FAA budget issue might obscure more weighty air industry factors

By Danny King
Last month’s agreement by Congress to reverse FAA staff furloughs stemming from the federal budget sequester might have done far more to allay political constituents than to make things better for U.S. airline passengers as the country enters the peak summer travel season.

In fact, at least one study suggests the furloughs actually had little impact on airline performance. Moreover, it suggests that the April 26 bill passed by the House of Representatives to eliminate FAA furloughs might have served to mask inefficiencies in a bloated air traffic control system and a consolidating airline industry that has been continuously reducing its labor force to regain lost profits.

The FAA, along with aviation industry members and some travel advocates, trumpeted the bill as a shield against increased flight delays and cancellations.

For the four days ended April 24, the FAA attributed almost 3,500 of the nearly 7,900 flight delays to the furloughs, which led United Continental Holdings CEO Jeff Smisek to call the FAA “irresponsible.”

Katie Connell, spokeswoman for the trade group Airlines for America, said, “Bringing a halt to the furloughs was truly a win for our customers and for the U.S. economy. We don’t think [the furloughs] ever should have happened.”

However, other reports suggest that the FAA furloughs served primarily as fodder for political grandstanding.

“We’re the only developed country in the world that would have a sequestration program that impacts air traffic control,” said Washington-based airline analyst Vaughn Cordle, partner at Ionosphere Capital. “We’re the only country that hasn’t depoliticized this.”

Indeed, for the one week during which the furloughs were in place, 79% of flights serving the largest 36 U.S. airports were on time. According to research firm FlightStats, that was identical to the on-time percentage for the two months leading up to the first day of furloughs.

FlightStats’ earlier numbers are consistent with data from the Transportation Department (DOT), which late last month reported that 80% of flights within the U.S. were on time in February, the most recent month tracked by the DOT.

Either way, the resolution, which enabled the FAA to return to normal operations on April 28, might do little to prevent non-weather-related delays caused by the combination of an antiquated air traffic control system and an airline industry binging on staffing cuts.

With little capital available to invest in the latest air traffic control technologies, the FAA is spending more to process fewer — albeit fuller — flights, furloughs notwithstanding.

Between airline consolidation, the after-effects of the recession and the shrinking inventory of smaller regional flight routes, the number of annual domestic and international flights in the U.S. fell 12% between 2007 and 2012, to 9.8 million flights, according to the DOT.

Yet the annual FAA budget rose 6.7% between fiscal years 2008 and 2012, to $15.9 billion.

“It’s a bloated, inefficient system,” said Cordle, a proponent of privatizing air traffic control services. “Clearly, the system isn’t paying for itself.”

Meanwhile, the aviation industry has been going in the opposite direction, reducing staffing as the number of passengers continues to rebound.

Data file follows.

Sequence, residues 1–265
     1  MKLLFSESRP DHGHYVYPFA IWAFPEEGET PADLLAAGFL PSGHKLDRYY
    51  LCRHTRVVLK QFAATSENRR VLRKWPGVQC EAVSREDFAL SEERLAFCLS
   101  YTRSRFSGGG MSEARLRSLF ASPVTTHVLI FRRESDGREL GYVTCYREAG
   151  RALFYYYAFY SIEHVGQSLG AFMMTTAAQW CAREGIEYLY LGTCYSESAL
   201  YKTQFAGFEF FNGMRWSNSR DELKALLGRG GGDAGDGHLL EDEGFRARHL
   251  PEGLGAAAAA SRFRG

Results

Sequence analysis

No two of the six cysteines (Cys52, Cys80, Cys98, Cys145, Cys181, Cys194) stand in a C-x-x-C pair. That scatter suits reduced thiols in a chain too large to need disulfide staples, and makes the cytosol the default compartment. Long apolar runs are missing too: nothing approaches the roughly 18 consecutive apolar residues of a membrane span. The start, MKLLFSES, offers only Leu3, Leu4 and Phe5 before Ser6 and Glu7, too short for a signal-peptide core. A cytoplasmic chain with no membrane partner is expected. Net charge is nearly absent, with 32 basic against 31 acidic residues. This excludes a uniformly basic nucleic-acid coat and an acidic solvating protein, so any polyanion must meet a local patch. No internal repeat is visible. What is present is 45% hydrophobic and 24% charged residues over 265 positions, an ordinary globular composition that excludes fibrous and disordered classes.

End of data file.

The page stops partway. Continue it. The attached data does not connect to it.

U.S. airlines employed about 380,000 workers in February, down 2.5% from a year earlier, the DOT said last month. February marked the sixth consecutive month of year-over-year employment declines in the industry.

At the same time, air travel continues to grow. U.S. airlines flew 55.3 million passengers in January, up 1.5% from a year earlier, the DOT said last month, citing a separate study. Last year, the number of passengers on U.S. airlines and foreign airlines serving the U.S. rose 1.3%, to 815.3 million.

At least some airline staffing cuts can be attributed to increased efficiencies, according to Scott Hamilton of Seattle-based aerospace consultant Leeham Co.

“Airlines have been investing in check-in kiosks, Internet technology and operations technology for years, which improve efficiency,” he said. “One can hardly say that about the FAA. It’s always ‘tomorrow’ for them.”

While the focus of the industry’s attention was the furloughs of the FAA’s 47,000 workers for at least 10% of their workdays, Transportation Security Administration (TSA) officials have maintained that sequester-related budget cuts will not impact airport-customs staffing.

That didn’t stop the airline industry from taking a shot at the TSA.

“Customs lines at our own U.S. airports have been and remain an ongoing issue for our customers who are traveling into the U.S. from around the world,” said Connell of Airlines for America. “They continue to wait in exceedingly long and completely unacceptable customs lines at many of our U.S. airports.”

In the meantime, sequestration, which is estimated to save the federal government $85 billion a year, has forced the Smithsonian Institution to shutter some exhibit areas, while the capital’s U.S. National Arboretum instituted grounds closures.

The National Parks Service will keep its shorter winter-staffing hours through summer, close some of its campgrounds and suspend two annual military celebrations.

New York’s Fleet Week and Los Angeles’ Navy Days, which take place each May and August, respectively, have been canceled for this year, while San Francisco’s Fleet Week festivities, which take place each fall, will be substantially scaled back with the cancellation of the Navy Blue Angels air show.

Follow Danny King on Twitter @dktravelweekly.
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